But General Moulton used other than supernatural means to amass his wealth. A single instance will illustrate his methods. On a clear night of November, 1764, a great English "mast-ship" came ashore on the North Beach, just south of where the fishhouses now stand. It is difficult to say how true the stories were, but it was darkly hinted that the ship was too heavily insured, that a part of the cargo had been secretly landed. and that the ship was beached through a previous arrangement with certain shrewd conspirators of Hampton. At all events General Moulton and Colonel Toppan were immediately appointed as keepers, by the Admiralty court at Portsmouth, and the goods recovered from the wreck were advertised to be for sale at their respective stores. In the meantime some of the village people had picked up a few articles on the beach, believing themselves no doubt entitled to a portion of the "spoils." These persons were placed under arrest by order of the keepers. This act produced so much bad feeling, that an armed mob assembled, which rescued the prisoners and gave the thrifty keepers a bad fright. So serious grew the disturbance that the riot act was read, and Governor Wentworth ordered the militia to be in readiness to assist the authorities. The excitement soon subsided, however, the goods were sold, and the two military gentlemen realized a profit of a thousand guineas each from the transaction.

General Moulton owned at one time an immense tract of land, eighty thousand acres, it is said, north of Lake Winnipesaukeee. In 1767, Colonel Stephen Mason led a colony of thirteen Hampton families to settle upon this tract. At Alton Bay they built a boat, no doubt of the Hampton whaleboat type, and its sail, woven by Madame Mason, was the first to catch the breeze on Winnipesaukeee. Crossing the lake, they founded the town of Tamworth.

The Moulton and the Toppan families were neighbors, and lived in what was then considered princely style. They each had negro slaves and employed great retinues of servants. They vied with one another in princely hospitality, and it -was rare that one house or the other was without its distinguished guest, Governor Wentworth, some official from the Bay, or a stranger from over the sea. In 1769 General Moulton's mansion was burned with all its contents, the loss being 13,000 sterling. Shortly after another vas built, which is still standing. It was here that the great festivities were held when the general married his second wife, and it was here according to the legend that the rings were taken from the fingers of the new wife on her bridal night. Whittier has told the story in "The New Wife and the Old."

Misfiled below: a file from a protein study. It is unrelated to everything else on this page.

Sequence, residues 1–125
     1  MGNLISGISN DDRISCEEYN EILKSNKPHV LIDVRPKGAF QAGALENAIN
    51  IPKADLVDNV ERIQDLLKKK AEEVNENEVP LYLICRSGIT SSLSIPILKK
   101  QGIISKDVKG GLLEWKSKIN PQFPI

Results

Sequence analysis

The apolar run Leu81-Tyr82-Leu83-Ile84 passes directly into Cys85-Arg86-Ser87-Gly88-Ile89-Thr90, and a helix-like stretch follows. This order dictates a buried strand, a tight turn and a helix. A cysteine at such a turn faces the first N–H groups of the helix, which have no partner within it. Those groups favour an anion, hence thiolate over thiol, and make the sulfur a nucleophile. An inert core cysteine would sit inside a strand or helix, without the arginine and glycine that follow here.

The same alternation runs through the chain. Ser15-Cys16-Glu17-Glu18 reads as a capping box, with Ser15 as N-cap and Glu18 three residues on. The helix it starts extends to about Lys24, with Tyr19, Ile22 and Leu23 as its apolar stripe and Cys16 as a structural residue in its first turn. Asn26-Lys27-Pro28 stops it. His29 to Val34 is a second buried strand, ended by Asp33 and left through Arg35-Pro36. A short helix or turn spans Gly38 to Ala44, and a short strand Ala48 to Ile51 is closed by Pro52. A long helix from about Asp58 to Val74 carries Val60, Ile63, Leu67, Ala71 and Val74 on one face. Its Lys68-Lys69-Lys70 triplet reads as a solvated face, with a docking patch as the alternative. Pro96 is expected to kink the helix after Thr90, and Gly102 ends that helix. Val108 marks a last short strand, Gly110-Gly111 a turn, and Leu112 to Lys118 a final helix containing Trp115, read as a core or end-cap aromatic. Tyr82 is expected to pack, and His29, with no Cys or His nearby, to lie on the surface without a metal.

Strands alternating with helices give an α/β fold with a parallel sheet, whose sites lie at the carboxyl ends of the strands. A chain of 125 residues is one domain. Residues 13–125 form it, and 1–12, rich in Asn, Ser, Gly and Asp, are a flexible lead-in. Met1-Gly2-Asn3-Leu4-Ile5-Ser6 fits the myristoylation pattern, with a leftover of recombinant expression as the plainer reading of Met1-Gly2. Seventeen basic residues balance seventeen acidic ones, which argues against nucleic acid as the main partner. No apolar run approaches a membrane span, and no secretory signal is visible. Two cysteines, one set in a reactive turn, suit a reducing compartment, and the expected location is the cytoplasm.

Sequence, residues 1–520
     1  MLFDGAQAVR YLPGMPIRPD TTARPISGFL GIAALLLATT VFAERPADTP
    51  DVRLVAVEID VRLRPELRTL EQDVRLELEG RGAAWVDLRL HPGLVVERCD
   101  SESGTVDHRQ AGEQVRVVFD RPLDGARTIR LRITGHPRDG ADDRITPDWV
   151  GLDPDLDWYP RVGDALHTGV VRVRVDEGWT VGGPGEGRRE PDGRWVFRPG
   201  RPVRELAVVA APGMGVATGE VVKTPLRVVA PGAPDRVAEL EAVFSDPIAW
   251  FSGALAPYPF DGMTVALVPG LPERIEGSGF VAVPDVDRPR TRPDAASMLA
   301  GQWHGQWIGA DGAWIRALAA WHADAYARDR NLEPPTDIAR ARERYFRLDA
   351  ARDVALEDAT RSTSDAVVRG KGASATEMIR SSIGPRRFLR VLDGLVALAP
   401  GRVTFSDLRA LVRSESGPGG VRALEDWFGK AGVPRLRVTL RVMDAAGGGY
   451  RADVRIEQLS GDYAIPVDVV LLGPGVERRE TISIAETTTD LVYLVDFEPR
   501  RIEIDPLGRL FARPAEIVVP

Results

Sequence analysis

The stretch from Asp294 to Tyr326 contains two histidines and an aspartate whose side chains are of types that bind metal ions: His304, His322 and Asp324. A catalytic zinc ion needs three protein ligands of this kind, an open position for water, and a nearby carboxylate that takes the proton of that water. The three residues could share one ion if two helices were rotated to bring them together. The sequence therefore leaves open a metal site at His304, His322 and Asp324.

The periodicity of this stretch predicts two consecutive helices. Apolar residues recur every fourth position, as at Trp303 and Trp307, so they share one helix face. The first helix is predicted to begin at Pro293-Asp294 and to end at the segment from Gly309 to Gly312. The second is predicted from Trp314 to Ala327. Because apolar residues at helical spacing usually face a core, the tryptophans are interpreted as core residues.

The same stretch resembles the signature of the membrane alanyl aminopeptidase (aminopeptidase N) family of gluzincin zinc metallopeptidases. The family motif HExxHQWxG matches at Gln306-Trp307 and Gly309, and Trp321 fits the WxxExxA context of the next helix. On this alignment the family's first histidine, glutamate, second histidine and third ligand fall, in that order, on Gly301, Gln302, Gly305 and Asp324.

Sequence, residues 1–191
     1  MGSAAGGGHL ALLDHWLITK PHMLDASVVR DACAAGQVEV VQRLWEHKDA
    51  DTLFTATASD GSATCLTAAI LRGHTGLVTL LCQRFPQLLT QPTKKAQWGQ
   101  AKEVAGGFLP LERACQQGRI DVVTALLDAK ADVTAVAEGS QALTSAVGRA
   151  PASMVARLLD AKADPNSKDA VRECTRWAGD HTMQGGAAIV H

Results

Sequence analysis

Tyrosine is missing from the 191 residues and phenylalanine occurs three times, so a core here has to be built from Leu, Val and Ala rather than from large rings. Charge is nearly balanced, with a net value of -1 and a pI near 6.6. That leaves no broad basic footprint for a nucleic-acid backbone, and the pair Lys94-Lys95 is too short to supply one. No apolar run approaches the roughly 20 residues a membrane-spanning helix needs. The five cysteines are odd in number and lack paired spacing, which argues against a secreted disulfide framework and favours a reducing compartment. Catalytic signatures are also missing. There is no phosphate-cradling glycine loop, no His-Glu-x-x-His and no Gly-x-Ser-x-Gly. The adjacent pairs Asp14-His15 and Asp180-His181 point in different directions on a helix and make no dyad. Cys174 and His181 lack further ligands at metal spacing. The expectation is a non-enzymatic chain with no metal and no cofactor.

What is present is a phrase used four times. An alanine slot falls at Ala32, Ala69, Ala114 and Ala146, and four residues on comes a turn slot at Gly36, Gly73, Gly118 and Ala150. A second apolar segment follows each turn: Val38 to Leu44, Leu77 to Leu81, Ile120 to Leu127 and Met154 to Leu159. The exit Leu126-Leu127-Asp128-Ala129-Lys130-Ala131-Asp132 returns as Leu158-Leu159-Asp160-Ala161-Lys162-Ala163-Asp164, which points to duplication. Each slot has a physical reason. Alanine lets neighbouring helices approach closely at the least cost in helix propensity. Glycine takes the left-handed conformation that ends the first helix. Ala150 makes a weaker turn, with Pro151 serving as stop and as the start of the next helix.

When the old general died, more ghosts haunted the house than ever visited the great drawing-room of the "House of the Seven Gables." In one room, even at the present time, it is said that a lamp will not remain lighted, but is blown out by a ghostly breath. The spirit of "Johnny Square-toes," the dwarf who was the general's body-servant, and who was said to share his supernatural. powers, divided its time between the house and the old burying-ground. Madam Moulton, the general's stately first wife, was a frequent visitor, and the rustle of her brocade gown could be heard as she ascended and descended the broad stairs. The general himself so alarmed the occupants of the house by his nocturnal visits, that a devout minister of Amesbury was summoned to exorcise the uneasy spirit. After saving various prayers the good man solemnly nailed up the troublesome ghost in a closet. All this was long ago. The old house looks innocent enough now, as the visitor sees it in the summer sunshine; but pass it at night, when the light of the waning moon, red and sinister, is reflected from its windows, when the wreaths of marsh-fog take shapes like gray ghosts about it,-let it be seen in this aspect, and the old tales take on a different meaning.

It is not known whether any special provision was made for teaching the children of the town before 1649. In that year the first public school was established in accordance with the following vote: "The selectmen of Hampton have agreed with John Legat for the present yeare insueing, to teach and instruct all the children of or belonging to our Town, both mayle and femaile (which are capable of learning) to write and read and cast accountes (if it be desired) as dilegently and as carefully as lie is able to instruct them. And allso to teach and instruct them once in a week, or more in some Artliodox chatechism provided for them by their parents or masters. And in consideration hereof we have agreed to pay the same John Legat, the som of Twenty pounds in corne, and cattle and butter." It is worthy of notice that the girls of Hampton were taught in the public school from the very first, contrary to the custom which prevailed in many New England towns. It was not always easy to provide payment in those days, even in "corne and butter," and John Legat was obliged to sue the selectmen for "schooleing & other writings done for ye Towne." Of the eleven schoolmasters employed by the town prior to the Revolution, eight were graduates of Harvard College. During the same period four of the ministers were also Harvard men, and in this way the town became warmly attached to the college and often contributed liberally to its support.

In 18Io Hampton Academy was incorporated by an act of legislature.